Tax considerations might warrant the need for trusts in other situations to protect family wealth. The upsurge in of the usage of discretionary trusts whereby property is transferred to a trustee for the benefit of unknown beneficiaries was due to the fact that the Revenue office will not be able to tax the settlor for the property which he had transferred, nor will the trustee be liable to tax on property held by them on trusts, so too will the unknown beneficiaries escape tax liabilities. Asides this there are other tax advantages inherent in discretionary trusts.[11]

There is also the use of offshore trusts, such as seen in Vesty v IRC,[12] where families could transfer wealth to a tax-haven, while allowing it to generate income there and hold it on trust for some beneficiaries which in fact were them.[13]

2) Family Breakdown: Before divorce a couple could make divorce settlements in which they would agree amongst each other how property acquired during marriage will be held or shared. A good example of this was seen in Cannon v Hartley.[14] Even in circumstances where there were no express agreements as to how property will be shared upon family breakdown equity can impute trusts, on the basis of a constructive or resulting trusts depending on the circumstances of the case, in favour of a family member where there has been joint acquisition of property[15]. Examples are seen in Gissing v Gissing[16], McKenzie v McKenzie [17]andStack v Dowden [18] among others.

3) Finance and Commerce: For the promotion of financial and security purposes, trusts are very valuable. For instance where money is given to a company for a particular purpose a trust known as ‘Quistclose Trusts’ is considered to have been created in favour of the lender, so that the lender can supervise the borrower’s usage of the funds and if possible retrieve it where it considers it is improperly been used. This was confirmed in Twinsectra v Yardley.[19] There has been some recent debate into how creditors have been using the Quistclose Trusts has a method of making themselves secured creditors in the event the borrower goes into liquidation.[20]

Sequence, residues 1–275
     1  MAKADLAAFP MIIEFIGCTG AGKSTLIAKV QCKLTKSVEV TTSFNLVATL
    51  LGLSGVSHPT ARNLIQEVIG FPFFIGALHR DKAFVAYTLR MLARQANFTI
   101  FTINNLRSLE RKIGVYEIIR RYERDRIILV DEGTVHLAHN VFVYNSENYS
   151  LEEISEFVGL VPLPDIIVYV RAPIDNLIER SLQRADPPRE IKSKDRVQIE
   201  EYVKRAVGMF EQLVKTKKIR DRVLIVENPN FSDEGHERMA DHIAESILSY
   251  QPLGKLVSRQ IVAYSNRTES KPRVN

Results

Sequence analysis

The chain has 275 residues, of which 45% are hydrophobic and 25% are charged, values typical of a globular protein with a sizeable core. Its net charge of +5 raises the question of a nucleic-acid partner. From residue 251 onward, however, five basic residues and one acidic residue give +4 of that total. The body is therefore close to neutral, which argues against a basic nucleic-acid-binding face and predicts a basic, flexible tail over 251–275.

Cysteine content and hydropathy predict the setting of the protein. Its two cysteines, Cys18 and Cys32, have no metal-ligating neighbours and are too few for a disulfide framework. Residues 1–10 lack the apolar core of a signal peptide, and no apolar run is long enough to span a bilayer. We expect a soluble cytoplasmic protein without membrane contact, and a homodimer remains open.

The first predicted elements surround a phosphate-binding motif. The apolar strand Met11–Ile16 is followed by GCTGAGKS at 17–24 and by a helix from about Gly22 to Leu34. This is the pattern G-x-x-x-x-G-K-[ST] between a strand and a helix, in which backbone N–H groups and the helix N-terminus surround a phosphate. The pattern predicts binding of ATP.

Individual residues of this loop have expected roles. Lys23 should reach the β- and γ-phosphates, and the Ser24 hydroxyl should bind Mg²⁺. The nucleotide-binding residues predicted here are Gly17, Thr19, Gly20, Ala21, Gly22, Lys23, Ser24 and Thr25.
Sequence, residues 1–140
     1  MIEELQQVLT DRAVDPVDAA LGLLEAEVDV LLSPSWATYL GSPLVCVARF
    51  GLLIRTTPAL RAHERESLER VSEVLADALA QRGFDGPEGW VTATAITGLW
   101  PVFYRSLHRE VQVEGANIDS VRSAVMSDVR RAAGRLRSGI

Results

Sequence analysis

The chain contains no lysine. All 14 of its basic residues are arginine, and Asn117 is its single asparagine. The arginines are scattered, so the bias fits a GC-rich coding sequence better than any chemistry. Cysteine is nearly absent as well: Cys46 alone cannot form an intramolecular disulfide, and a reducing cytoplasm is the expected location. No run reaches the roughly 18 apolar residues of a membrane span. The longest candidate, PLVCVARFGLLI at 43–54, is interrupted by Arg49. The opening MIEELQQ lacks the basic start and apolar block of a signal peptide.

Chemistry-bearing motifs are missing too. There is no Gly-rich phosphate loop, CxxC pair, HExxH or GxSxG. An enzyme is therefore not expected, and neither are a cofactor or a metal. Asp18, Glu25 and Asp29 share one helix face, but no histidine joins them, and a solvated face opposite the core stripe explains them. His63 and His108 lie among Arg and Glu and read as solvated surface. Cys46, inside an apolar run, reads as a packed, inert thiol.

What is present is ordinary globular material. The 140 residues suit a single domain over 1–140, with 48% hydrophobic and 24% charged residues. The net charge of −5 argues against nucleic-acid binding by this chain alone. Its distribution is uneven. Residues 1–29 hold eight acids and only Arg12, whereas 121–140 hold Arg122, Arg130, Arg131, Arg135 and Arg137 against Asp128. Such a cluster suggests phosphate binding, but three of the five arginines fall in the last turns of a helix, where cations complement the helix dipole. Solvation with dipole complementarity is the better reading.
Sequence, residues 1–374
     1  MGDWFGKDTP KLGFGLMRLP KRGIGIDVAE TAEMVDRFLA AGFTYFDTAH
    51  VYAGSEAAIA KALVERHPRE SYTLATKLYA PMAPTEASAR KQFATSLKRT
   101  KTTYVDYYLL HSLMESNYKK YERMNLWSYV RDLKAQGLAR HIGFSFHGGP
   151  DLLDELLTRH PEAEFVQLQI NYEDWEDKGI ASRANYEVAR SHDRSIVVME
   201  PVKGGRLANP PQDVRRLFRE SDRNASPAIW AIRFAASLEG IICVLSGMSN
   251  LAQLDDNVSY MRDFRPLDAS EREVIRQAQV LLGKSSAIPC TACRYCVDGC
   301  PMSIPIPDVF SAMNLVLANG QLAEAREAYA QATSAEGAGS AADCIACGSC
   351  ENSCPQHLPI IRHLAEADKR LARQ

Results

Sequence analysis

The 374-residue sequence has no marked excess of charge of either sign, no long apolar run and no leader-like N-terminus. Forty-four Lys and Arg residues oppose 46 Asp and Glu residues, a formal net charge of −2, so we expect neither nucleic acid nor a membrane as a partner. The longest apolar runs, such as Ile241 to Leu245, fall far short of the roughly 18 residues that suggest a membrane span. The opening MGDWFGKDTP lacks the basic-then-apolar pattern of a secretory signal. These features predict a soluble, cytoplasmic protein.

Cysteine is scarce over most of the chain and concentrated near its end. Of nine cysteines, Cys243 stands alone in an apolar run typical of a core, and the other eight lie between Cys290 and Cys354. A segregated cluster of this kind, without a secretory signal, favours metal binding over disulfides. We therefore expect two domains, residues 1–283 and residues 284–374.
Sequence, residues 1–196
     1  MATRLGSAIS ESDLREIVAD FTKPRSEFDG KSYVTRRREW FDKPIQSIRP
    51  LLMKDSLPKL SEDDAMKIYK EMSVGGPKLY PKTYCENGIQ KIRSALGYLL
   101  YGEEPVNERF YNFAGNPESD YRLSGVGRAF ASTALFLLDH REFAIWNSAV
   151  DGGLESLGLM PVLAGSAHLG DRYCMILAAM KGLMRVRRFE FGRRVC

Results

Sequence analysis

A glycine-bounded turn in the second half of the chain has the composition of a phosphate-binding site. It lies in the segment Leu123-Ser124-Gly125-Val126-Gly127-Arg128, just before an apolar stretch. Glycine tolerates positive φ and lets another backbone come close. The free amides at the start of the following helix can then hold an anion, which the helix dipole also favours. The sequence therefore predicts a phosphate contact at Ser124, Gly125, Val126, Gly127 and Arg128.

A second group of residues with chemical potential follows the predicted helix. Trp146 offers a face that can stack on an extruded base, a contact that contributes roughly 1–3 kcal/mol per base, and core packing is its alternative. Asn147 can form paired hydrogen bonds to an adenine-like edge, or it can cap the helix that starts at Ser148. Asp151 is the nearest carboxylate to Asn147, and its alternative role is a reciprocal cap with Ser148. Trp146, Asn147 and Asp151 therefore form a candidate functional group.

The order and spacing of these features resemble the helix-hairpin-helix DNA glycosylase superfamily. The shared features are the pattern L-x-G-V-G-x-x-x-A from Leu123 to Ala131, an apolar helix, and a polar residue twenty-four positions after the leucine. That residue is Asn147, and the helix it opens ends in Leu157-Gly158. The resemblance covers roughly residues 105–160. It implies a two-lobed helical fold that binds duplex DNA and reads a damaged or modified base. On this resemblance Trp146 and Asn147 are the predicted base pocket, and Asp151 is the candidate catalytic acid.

Trusts might be created within commercial circles also where Romalpa clauses are inserted into contractual terms .i.e. clauses which still confer the seller with proprietary rights over goods sold (retention of title). Therefore until the buyer has met the conditions of the seller, he cannot treat the goods bought has his property. He therefore holds a trust over the goods in favour of the seller.[21]

4) Voluntary activities: Trust could be created to promote certain acceptable public purposes under the head of charitable trusts. Trusts which are intended to education, religion, alleviate poverty and to promote public welfare.[22] Trusts could also be used to promote non-charitable aims such as the maintenance of public buildings, the provision of domestic animals, etc among other non-charitable ends.[23]

Beyond Moffat’s Taxonomy trust could be employed to ends such as the joint acquistion of property, for caretaker purposes such as the care of one’s disabled relatives and the funding of one’s relatives children at university.[24]


[1] Culled from David Hayton and Marshall, Commentary and Cases on The Law of Trusts and Equitable Remedies, 2005, Sweet and Maxwell, 12th edition. page 4

[2] Ibid

[3] [1948] SASR 193 at 168

[4]  Ross Grantham & Charles Rickett; On the Subsidy of Unjust Enrichment, Law Quarterly Review, 2001, 117(Apr), 273-299

[5] [1948] 2 All E.R. 133

[6] [1949] Ch 78

[7]  Mark Pawlowski, Constructive trusts, illegal purpose and locus poenitentiae,Conveyancer and Property Lawyer, 2009, 2, 104-126

[8] [1994] 1 WLR 938

[9] Laurence M Friedman, The Dynastic Trust, 1964, Yale LJ 547

[10] Perpetuities and Accumulations Acts 1964 and  2009

[11] Chris Whitehouse and Emma Chamberlain, Trust Taxation, Private Client Business, 2009, 3, 230-237

[12] [1980] A.C. 1148

[13] Mark McLaughlin, Offshore Tax Planning, 2009, Busy Practitioner. B.T.R. 2009, 3, 276-305

[14] [1949] Ch 213

[15] Graham Moffat, Trusts Law, 5th edition, 2009, pg 607.

[16] [1971] AC 886

[17] [1970] 3 All ER 1034

[18] [2007] UKHL 17

[19] [2002] 2 All ER 377

[20] Wayne Beglan, Alice Belcher, Jumping the Queue J.B.L 1997 Jan – ‘attractive to those who provide loans where they would otherwise become simple unsecured creditors’

[21] Indian Oil v. Greenstone Shipping [1987] 3 WLR 869

[22] David Hayton and Marshall, op. Cit, page 429

[23] Ibid, page 201

[24] Graham Moffat, Op Cit, page 33-37.